Fundraiser dinner at Merriman’s benefits land preservation

POIPU — Growing up in Hilo, local-based chef Sheldon Simeon fondly remembers fishing with his father and grandfather.

“We were standing there and my grandpa showed me where he used to fish for moi,” said Simeon, owner of Tin Roof restaurant on Maui and guest chef at a benefit dinner to support the Hawaii Islands Land Trust at Merriman’s Poipu on Sunday. “It was the same exact land that it was. That’s what these guys are trying to do: preserve this beautiful place, not try to get it develop so our kids can see ‘em.”

Simeon, along with Merriman’s Chef Mark Arriola, prepared an exquisite dinner for about 80 guests who paid $120 each at the Kauai Island Paina, a benefit to preserve land in Hawaii.

“So much of it, especially the valuable ocean fronts, is being develop,” said Peter Merriman, owner and chef at Merriman’s Poipu and HILT board member. “It’s one of HILT’s criteria when they are evaluating land: They look at how at risk that piece of land is. The more at risk, the more HILT likes to protect it.”

Harvey Cohen, a guest, said he’s happy to be on the journey to support HILT. “It’s been a lifelong effort to preserve much of the island as we can in its natural and scenic state and it’s a great event, great organization,” Cohen said.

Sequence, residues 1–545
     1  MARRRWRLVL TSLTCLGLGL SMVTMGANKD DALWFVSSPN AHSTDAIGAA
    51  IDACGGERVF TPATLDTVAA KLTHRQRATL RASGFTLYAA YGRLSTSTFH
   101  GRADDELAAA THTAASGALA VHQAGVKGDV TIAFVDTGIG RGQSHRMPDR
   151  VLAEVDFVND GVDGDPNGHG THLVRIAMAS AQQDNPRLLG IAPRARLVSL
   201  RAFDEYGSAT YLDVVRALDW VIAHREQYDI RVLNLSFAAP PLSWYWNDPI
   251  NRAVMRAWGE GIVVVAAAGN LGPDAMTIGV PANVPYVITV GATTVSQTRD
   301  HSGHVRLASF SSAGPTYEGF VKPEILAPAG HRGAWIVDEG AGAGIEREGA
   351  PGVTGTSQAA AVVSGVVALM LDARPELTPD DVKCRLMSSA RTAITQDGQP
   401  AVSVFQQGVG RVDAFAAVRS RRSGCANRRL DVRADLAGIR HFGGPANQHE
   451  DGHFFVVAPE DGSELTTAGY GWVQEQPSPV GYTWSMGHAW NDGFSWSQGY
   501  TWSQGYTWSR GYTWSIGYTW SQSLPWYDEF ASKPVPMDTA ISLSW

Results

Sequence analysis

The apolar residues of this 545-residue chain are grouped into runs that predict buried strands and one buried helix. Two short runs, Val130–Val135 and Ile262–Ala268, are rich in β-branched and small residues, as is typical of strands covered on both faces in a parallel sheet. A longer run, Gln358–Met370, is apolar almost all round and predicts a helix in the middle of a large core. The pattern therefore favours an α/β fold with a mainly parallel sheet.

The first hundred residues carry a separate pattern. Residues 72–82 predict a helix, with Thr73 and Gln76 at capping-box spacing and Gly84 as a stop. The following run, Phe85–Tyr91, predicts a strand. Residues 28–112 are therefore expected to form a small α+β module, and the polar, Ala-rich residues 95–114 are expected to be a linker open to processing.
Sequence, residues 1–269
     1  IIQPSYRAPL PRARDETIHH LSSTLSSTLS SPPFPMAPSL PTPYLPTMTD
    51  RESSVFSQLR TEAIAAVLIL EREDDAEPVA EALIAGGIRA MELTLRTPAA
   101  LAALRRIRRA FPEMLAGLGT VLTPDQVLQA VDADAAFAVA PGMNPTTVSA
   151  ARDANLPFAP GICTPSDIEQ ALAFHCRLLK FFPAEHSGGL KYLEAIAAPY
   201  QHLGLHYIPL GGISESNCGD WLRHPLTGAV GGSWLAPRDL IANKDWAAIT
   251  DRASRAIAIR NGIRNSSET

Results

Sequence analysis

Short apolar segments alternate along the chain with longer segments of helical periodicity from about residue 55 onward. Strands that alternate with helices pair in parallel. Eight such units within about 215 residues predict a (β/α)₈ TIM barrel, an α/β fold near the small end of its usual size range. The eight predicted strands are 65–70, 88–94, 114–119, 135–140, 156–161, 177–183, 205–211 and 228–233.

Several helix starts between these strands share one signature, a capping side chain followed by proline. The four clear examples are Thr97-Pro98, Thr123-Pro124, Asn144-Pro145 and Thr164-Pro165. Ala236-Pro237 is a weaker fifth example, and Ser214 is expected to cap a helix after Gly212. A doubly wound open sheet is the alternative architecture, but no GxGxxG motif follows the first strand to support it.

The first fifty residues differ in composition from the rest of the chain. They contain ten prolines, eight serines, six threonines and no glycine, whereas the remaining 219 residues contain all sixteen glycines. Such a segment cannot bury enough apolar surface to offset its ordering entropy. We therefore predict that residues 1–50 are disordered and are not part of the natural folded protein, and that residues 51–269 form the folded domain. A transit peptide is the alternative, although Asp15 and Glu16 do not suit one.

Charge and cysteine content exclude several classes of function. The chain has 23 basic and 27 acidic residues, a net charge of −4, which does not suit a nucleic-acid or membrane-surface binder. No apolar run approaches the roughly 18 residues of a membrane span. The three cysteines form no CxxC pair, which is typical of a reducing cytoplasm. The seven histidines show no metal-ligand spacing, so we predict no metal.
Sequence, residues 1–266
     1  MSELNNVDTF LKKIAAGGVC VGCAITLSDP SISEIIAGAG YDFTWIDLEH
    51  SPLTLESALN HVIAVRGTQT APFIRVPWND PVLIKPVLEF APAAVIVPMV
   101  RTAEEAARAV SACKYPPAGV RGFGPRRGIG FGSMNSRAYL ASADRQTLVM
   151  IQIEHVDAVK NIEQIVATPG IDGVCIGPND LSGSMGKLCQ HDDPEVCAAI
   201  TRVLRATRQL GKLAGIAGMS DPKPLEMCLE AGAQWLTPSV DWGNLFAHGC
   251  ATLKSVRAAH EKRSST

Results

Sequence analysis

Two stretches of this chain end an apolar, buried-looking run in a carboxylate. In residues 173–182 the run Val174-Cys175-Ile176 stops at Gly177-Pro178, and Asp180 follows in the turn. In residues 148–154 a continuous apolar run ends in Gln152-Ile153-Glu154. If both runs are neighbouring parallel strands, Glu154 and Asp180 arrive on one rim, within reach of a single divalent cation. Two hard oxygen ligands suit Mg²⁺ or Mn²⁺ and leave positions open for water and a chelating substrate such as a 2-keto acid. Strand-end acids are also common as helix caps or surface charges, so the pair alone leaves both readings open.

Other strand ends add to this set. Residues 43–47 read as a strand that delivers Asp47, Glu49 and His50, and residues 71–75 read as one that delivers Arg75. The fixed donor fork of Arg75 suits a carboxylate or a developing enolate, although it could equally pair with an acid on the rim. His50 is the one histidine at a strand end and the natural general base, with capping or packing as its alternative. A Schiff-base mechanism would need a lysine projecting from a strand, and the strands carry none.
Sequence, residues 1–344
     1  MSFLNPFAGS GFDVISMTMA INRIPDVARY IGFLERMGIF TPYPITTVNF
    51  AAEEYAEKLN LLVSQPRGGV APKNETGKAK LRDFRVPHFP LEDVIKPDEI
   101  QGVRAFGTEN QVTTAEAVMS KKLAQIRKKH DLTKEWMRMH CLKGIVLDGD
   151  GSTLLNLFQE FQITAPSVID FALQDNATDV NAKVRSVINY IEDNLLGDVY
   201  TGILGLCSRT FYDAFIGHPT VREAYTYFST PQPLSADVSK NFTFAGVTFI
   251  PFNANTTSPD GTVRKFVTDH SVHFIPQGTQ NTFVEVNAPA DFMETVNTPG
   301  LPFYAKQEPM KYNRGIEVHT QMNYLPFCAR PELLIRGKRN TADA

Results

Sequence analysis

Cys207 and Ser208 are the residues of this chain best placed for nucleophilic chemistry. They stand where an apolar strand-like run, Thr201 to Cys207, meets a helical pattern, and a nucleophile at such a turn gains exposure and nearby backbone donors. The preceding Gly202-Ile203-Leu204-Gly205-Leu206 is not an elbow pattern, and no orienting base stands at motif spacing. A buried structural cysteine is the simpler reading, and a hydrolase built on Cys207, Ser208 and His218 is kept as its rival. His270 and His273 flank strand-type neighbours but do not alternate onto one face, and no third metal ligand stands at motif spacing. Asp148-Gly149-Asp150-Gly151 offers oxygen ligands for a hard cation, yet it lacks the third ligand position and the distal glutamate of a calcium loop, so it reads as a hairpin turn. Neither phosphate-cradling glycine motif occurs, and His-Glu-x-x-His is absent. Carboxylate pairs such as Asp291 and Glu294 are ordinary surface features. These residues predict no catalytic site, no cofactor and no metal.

Culturally, it is the responsibility of the people to be stewards of the land, said Sarah Bakewell, one of the 80 guests in attendance and HILT board member.

“It’s important everybody knows what we’re doing and it’s a win-win for property owners who want to preserve parts of their property and work with us to see what we can do to save the property for perpetuity,” Bakewell said.

Simeon, voted as one of Hawaii’s best chefs in various local publications and a participant in season 10 of “Top Chef,” prepared four dishes for guests with Asian-infused roots familiar to those raised when sugar was the agriculture king in the state.

“First off with have onaga sashimi with bug juice (bug juice is a dip we used to make for dip our green guava and mango in),” he said. “Second course is ozoni, since we’re close to the New Year. It’s a mochi dish with clams and clam miso broth and mizuna.”

The last entree was sinuglaw, a dish from the southern Philippine region that consists of pork belly, seared ahi with coconut milk and onion puree.

For dessert, Simeon delighted guests with a Filipino favorite, bibingka: lemon butter mochi with yuzu curd, ube and meringue.

“For me, it’s all about giving back to the community because the community is going take of you after that,” Simeon said.

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